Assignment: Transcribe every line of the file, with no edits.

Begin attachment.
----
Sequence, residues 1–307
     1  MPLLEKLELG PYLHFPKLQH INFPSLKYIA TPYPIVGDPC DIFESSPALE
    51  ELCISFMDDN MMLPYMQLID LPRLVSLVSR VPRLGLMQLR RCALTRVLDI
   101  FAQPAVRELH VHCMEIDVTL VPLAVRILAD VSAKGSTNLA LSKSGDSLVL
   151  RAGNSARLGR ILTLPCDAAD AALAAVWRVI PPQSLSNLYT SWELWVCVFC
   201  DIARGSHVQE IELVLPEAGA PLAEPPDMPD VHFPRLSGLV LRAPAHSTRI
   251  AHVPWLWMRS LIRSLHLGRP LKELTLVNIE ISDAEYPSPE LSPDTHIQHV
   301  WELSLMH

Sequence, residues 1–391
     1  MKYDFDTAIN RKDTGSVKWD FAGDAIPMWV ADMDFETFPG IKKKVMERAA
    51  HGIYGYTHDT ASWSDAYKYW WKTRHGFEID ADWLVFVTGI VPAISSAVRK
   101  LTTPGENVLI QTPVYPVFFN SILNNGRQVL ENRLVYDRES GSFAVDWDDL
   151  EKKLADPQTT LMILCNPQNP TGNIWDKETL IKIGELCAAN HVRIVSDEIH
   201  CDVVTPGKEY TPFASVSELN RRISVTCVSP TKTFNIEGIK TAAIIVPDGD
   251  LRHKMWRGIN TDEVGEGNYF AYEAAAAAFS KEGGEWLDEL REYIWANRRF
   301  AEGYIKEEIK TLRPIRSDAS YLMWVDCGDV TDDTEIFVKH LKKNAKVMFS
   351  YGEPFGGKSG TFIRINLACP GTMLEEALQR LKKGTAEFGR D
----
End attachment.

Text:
Sequence, residues 1–307
     1  MPLLEKLELG PYLHFPKLQH INFPSLKYIA TPYPIVGDPC DIFESSPALE
    51  ELCISFMDDN MMLPYMQLID LPRLVSLVSR VPRLGLMQLR RCALTRVLDI
   101  FAQPAVRELH VHCMEIDVTL VPLAVRILAD VSAKGSTNLA LSKSGDSLVL
   151  RAGNSARLGR ILTLPCDAAD AALAAVWRVI PPQSLSNLYT SWELWVCVFC
   201  DIARGSHVQE IELVLPEAGA PLAEPPDMPD VHFPRLSGLV LRAPAHSTRI
   251  AHVPWLWMRS LIRSLHLGRP LKELTLVNIE ISDAEYPSPE LSPDTHIQHV
   301  WELSLMH

Sequence, residues 1–391
     1  MKYDFDTAIN RKDTGSVKWD FAGDAIPMWV ADMDFETFPG IKKKVMERAA
    51  HGIYGYTHDT ASWSDAYKYW WKTRHGFEID ADWLVFVTGI VPAISSAVRK
   101  LTTPGENVLI QTPVYPVFFN SILNNGRQVL ENRLVYDRES GSFAVDWDDL
   151  EKKLADPQTT LMILCNPQNP TGNIWDKETL IKIGELCAAN HVRIVSDEIH
   201  CDVVTPGKEY TPFASVSELN RRISVTCVSP TKTFNIEGIK TAAIIVPDGD
   251  LRHKMWRGIN TDEVGEGNYF AYEAAAAAFS KEGGEWLDEL REYIWANRRF
   301  AEGYIKEEIK TLRPIRSDAS YLMWVDCGDV TDDTEIFVKH LKKNAKVMFS
   351  YGEPFGGKSG TFIRINLACP GTMLEEALQR LKKGTAEFGR D